a. Overview

There is, inevitably, considerable overlap between some of the stakeholders described in the previous Chapter and the processes and fora through which decisions are made in Kenya’s national Internet governance environment. This Chapter of the report seeks to juxtapose decision-making structures with the issues and stakeholder communities described above. The Internet is a global medium. Many of the decisions which affect its development take place in global processes and fora which are concerned with standardisation (such as the Internet Engineering Task Force (IETF) and the World Wide Web Consortium (W3C)) and coordination (such as the Internet Corporation for Assigned Names and Numbers (ICANN)). The Internet Governance Forum (IGF) provides a global discussion space in which issues of Internet governance can be explored without actual decisions resulting from them. Significant technical and poli cy outcomes concerning the relationship between the Internet and its underlying communications infrastructure, including spectrum management, result from discussions and decisions in the International Telecommunication Union (ITU). Aspects of the Internet’s impact on economic and social, political and cultural life have strong global dimensions and are increasingly discussed in global fora within and beyond the United Nations group of agencies, as well as being of interest to multilateral and bilateral don ors. Alongside these global fora, there are also significant regional entities. Regional Internet Registries (RIRs), including AfriNIC, play an essential part in coordinating the domain name and number system. Recent years have seen the development of a number of regiona l IGFs, including the East African IGF. Telecommunications regulation and spectrum management are supported by regional and subregional entities with varying degrees of decision-making power, including the regional regulatory associations EACO and ARICEA in which Kenyan ICT stakeholders play their part. Policy frameworks that seek to exploit Internet services and applications in economic and social development have been agreed by a number of continental and regional intergovernmental organisations of which Kenya is a member, including the African Union, the African Development Bank, the East African Community (EAC) and the Common Market of Eastern and Southern Africa (COMESA). The importance of Internet governance at national level, however, should not be underestimated. While the technical standards for Internet governance are inherently global, what can actually be achieved in individual countries depends on many factors which are country-specific, such as the quality of available national infrastructure and its international connectedness. National communications policies and regulations are important factors in determining how infrastructure, access and affordability evolve. National communications ministries and regulatory agencies are therefore important decision -making fora. Countrylevel domains are managed by national entities of varying kinds (some governmental, some private sector, some non-profit or civil society). ISPs may be national or international, may work together in ISP Associations and may exchange traffic through national IXPs. Governments in many countries have agreed national strategies to exploit ICTs and the Internet to meet development objectives and to deliver services through egovernment. Legislation and social norms differ from one country to another, particular ly in areas such as content regulation. An increasing number of national IGFs has been established to provide a forum for discussion about the Internet at national level and feed into regional and global IGFs. The relationship between these global, regional and national tiers of Internet governance is illustrated in Figure 25.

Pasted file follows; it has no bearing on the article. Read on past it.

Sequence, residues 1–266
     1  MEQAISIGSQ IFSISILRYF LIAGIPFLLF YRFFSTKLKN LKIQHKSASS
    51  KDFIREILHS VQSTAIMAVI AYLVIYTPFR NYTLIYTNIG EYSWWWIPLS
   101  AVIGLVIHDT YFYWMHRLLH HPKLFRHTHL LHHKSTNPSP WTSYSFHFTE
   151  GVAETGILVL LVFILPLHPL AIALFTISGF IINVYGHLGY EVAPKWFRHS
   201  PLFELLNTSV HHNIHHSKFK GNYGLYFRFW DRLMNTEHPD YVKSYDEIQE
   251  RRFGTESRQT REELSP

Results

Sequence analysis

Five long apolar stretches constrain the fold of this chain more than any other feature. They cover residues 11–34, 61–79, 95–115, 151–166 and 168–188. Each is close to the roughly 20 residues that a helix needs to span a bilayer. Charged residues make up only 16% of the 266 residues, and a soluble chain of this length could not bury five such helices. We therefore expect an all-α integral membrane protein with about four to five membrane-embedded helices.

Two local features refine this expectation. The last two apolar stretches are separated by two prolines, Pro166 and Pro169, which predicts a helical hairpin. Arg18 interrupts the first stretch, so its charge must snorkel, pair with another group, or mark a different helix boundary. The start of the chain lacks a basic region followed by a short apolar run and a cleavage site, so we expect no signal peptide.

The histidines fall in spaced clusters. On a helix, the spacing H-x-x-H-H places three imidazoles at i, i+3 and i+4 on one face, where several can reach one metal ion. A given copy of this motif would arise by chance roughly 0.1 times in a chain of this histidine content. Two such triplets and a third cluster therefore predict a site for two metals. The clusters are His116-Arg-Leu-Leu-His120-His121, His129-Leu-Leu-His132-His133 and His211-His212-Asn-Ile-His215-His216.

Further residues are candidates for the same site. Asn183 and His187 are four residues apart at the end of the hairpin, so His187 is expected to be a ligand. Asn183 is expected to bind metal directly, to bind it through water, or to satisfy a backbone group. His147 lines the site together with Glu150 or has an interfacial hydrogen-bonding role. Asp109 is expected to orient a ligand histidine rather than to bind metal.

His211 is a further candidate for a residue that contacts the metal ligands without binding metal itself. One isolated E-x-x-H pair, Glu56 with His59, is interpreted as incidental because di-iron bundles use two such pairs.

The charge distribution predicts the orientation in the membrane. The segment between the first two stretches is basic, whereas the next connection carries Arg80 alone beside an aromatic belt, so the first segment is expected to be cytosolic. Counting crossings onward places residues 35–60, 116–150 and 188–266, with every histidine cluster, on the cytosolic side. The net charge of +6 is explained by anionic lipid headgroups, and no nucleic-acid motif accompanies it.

Figure 25: Decision-making processes and fora – an illustrative outline framework